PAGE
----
Monday, February 19, 2018

AG: Govt does not have report to act on


opening talks: United Nations regional co-ordinator Richard Blewitt, right, speaks with Attorney General Anand Ramlogan during the opening ceremony for a United Nations Office on Drugs and Crime High-Level Workshop on Judicial and Prosecutorial Integrity, at the Courtyard Marriott, Invaders Bay, Port of Spain, yesterday. —Photo: ANISTO ALVES


The Government cannot act on the contents of reports from the Police Complaints Authority (PCA) and the Trinidad and Tobago Police Service on the existence of the New Flying Squad Investigations Unit (NFSIU) because it does not have the report in its possession, regardless of whether that report may or may not implicate certain individuals.

This was stated yesterday by Attorney General Anand Ramlogan.

“The Government cannot act on a report it does not have. That underscores the disadvantageous position the Gov­ernment finds itself in to take action on something that is not in our possession,” Ramlogan said in response to a question if the Government had verified the contents of the report.

Speaking to reporters after the opening ceremony for a United Nations Office on Drugs and Crime High-Level Workshop on Judicial and Pro­secutorial Integrity at the Courtyard Marriott, Invaders Bay, Port of Spain, Ramlogan said since the Government does not have the reports, it does not know who was implicated, why they were implicated and what was the motivation.

The reports, which first appeared in a Sunday Express investigative report by Anika Gumbs, states based on the findings of the investigations, the conduct of then strategic adviser at the ministry Comman­der Garvin Heerah should be examined. Hee­rah is currently the director of the National Security Operations Centre.

Pressed to respond to why the Government would not investigate what was reported, Ramlogan said:

“You are asking me to go on a newspaper report. You may recall, in the first release, the PCA said there were several inaccuracies in the newspaper article and what Opposition Senator Faris al-Rawi said in Parliament. If we act on the basis of an unconfirmed, unverified report which may not be authentic, then (the Government) may be accused of mishandling national security affairs in the coun­-

try. It is absurd to suggest that the Government should take action on any­thing other than an official report,” Ramlogan said.

He said the Government will not request a copy of the report, but rather it was the PCA’s duty to forward it.

Asked whether or not he believed the report was a concern to nation­al security, Ramlogan said if he were to go by what he read in the Express, then, yes, “it is a matter of obvious national security concern”.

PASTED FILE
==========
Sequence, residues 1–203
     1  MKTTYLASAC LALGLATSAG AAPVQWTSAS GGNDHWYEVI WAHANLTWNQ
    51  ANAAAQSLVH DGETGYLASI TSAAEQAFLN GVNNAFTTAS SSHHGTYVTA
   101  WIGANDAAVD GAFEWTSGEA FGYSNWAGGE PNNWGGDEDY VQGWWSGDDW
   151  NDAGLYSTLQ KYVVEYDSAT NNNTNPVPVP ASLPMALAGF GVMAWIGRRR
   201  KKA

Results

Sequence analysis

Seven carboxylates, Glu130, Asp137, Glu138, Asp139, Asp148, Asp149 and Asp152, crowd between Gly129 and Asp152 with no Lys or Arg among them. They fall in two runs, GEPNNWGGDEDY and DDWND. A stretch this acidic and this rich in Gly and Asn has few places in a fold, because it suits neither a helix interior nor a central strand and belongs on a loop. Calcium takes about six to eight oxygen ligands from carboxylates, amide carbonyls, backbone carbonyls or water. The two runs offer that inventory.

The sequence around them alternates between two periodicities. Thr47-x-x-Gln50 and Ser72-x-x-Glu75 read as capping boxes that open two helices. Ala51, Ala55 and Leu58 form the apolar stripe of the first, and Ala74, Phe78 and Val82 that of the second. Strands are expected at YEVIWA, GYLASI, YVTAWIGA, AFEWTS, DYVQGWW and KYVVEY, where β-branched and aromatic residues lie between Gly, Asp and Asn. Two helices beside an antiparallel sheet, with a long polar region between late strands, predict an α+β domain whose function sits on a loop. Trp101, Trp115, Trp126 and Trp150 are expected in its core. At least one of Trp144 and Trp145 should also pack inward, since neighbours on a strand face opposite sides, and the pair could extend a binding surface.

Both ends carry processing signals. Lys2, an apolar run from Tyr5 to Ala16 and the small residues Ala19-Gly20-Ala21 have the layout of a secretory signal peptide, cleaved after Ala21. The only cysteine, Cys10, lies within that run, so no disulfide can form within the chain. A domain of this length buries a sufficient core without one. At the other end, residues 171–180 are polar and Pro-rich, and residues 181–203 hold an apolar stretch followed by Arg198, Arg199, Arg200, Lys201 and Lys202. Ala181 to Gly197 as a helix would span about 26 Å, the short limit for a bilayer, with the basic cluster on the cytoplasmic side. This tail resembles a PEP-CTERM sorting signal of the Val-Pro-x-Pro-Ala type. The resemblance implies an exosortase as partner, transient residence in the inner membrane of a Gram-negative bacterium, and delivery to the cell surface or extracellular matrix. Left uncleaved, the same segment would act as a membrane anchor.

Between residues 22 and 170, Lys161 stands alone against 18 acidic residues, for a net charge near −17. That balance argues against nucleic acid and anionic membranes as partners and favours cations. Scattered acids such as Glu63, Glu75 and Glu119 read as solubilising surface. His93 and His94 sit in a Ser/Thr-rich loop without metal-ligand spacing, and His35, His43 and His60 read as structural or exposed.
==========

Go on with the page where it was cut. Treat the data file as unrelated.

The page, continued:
“It is telling us that people within the national security apparatus may or may not have been conspiring with a serving Minister of National Security to do something illegal. One does not know if that is true or not. (PCA chairman Gillian) Lucky tells us that is not confidential but we (the Government) are in the dark in this matter because no one has given the Government a copy,” he said.

He also hit back at Lucky’s statement on Monday during a Parliament Joint Select Committee meeting that the report was not a confidential document and nothing in it had implications for the national security of Trinidad and Tobago, nor would its disclosure have caused “major convulsions”.

“I don’t know what qualifies the chairman of the PCA to make a judgment on behalf of the Government of the day as to what would constitute a threat to national security. That is a matter for the National Security Council, chaired by Prime Minister, to determine, not any other entity in this country. By law, that is the process.... I do not accept that Ms Lucky is in any position to dictate or tell the Government of the country what constitutes a threat to national security,” he said.

He said if it were in fact not confidential, why did Lucky not provide the report to the Government and every media house.

He added in her first release from the PCA on the issue, Lucky said the report contained “highly sensitive information” and had also called on Opposition Senator Faris Al-Rawi to explain how he received the document.

“It is a paradox that you can have a document that contains highly sensitive information but it is not confidential. If Ms Lucky can say an investigative report is not a confidential document, it really begs the question to what sort of investigation did you in fact conduct. Any investigation re­port, frankly, in law would be confidential,” he said.

He added he was only speaking about the PCA report because acting Commissioner of Police Stephen Williams has not commented on the matter, and if (Williams) ever said the reports were not confidential, then (Ramlogan) will make the same statements he was making now.

Anand writes to top cop

Attorney General Anand Ramlogan yesterday released the letter he had written to Ag Commissioner of Police Stephen Williams, asking him to undertake an investigation “to determine if any person should be charged” in relation to the leaking of two reports into the Flying Squad.

In a letter dated April 17, Ramlogan said the “unlawful disclosure by Senator Faris Al-Rawi of the reports on the alleged Flying Squad by the Police Complaints Authority and the Police Service was a grave matter to all right-thinking citizens. The leak of such confidential reports has the potential to affect the integrity of the criminal justice system and undermine the rule of law”.